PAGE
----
As a safety feature these units are interlocked to automatically turn the power off just before removal of the breaker begins. By design, only the circuit breaker?s load must be turned off to remove the breaker. This method of mounting allows for a single breaker to be disconnected from the power supply. That is to say that it does not require that all of the power be disconnected from all of the breakers installed in the larger enclosure such as a motor control center.
There are various designs used to facilitate the ?racking-in?(installation) and ?racking out?(withdrawal) of the drawout type circuit breakers. Some utilize some form of jacking screw to initially move and thus electrically disengage the breaker, then a traveling trolley type of hoist (somewhat like a small boat winch) supports the breaker during removal and re-installation. A transient supporting device is necessary as these large (physical size) breakers are too heavy and too bulky to be safely moved into and out of position by one person.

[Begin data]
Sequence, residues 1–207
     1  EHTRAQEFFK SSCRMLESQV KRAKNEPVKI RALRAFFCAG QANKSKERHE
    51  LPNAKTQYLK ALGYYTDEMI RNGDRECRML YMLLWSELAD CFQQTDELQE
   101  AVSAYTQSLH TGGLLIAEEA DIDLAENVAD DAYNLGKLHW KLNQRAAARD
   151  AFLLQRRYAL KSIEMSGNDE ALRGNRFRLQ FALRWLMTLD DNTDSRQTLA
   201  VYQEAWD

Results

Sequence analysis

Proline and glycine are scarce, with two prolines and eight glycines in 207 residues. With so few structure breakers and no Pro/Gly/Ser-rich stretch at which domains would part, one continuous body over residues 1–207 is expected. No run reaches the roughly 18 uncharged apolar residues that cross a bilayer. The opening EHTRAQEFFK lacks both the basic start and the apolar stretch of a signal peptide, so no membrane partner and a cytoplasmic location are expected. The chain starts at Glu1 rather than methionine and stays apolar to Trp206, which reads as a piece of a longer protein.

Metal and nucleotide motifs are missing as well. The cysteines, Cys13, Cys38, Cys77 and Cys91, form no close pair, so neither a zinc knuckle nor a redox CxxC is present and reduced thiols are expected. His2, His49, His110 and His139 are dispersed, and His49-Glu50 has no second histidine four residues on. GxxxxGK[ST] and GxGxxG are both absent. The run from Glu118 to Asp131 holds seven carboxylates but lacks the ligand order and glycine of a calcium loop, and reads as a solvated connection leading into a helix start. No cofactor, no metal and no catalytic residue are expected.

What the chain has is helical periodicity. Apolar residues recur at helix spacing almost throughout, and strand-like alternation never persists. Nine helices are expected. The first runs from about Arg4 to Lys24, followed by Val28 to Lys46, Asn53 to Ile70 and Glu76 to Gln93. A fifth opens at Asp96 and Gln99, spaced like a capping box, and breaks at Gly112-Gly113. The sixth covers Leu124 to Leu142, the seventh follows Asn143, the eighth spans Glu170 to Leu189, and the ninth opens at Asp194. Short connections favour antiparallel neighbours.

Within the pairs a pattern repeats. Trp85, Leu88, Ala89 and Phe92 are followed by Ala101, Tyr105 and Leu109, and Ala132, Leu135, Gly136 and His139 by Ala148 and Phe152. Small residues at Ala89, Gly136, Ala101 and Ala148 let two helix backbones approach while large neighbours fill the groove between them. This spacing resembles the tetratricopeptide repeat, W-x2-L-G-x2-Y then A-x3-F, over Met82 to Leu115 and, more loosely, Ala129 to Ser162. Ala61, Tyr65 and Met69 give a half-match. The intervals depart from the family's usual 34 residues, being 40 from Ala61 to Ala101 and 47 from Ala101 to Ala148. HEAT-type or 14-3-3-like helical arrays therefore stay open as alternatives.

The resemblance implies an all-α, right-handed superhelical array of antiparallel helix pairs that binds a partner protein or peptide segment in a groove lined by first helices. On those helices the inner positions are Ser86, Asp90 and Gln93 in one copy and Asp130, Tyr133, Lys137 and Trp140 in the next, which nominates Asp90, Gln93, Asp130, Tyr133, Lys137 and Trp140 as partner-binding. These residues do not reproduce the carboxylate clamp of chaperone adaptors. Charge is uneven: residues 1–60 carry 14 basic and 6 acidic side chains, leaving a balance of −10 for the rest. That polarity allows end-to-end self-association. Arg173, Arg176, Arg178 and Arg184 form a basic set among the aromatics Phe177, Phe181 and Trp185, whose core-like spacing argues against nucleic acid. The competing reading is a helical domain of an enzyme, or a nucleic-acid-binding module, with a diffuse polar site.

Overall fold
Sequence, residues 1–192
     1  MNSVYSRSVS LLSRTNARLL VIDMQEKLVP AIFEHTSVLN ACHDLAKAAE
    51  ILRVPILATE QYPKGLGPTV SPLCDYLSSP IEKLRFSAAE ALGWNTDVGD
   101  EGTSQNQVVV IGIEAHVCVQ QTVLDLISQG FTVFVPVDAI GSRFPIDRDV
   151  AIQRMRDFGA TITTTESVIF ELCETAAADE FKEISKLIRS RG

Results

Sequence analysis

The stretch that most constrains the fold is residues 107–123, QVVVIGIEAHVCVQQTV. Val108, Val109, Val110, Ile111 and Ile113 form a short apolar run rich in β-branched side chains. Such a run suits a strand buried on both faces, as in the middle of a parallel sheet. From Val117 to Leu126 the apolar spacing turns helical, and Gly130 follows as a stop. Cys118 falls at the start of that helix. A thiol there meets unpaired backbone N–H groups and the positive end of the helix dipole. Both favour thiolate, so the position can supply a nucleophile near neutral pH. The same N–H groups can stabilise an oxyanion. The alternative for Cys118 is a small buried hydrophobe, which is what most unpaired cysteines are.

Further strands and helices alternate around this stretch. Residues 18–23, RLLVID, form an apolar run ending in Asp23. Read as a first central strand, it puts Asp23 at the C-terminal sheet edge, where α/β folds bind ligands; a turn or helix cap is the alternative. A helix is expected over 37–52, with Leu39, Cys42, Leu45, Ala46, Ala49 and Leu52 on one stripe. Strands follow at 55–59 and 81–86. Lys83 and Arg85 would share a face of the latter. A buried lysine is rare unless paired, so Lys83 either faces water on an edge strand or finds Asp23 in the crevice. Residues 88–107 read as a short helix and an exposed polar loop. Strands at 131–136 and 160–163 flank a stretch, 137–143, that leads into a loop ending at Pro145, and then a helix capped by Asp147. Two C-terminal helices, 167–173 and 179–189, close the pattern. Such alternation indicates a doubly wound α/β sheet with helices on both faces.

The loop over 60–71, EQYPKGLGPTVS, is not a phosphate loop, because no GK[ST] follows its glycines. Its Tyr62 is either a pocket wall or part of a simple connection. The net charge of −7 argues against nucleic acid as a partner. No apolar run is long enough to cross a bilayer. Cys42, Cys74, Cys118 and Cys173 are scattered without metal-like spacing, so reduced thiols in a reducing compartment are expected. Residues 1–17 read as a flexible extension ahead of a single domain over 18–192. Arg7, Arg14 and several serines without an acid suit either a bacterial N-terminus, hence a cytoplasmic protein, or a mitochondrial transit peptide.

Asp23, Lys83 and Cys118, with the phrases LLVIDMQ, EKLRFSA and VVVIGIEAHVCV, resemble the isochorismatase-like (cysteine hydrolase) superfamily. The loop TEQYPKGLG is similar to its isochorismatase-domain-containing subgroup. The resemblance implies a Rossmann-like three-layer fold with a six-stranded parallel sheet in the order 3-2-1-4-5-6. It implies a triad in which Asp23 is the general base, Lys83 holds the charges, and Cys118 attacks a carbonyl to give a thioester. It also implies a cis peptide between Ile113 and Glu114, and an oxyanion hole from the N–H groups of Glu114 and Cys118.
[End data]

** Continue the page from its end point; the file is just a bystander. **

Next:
Methods Of Securing Circuit Breakers
Circuit breakers are typically secured in place by one of the following methods:

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  • Through bolts
  • Stab locked to the busbar or some type of receptacle connection
  • Bolted to the busbar
  • Din rail mounted

?Stab-Lock? Type Breakers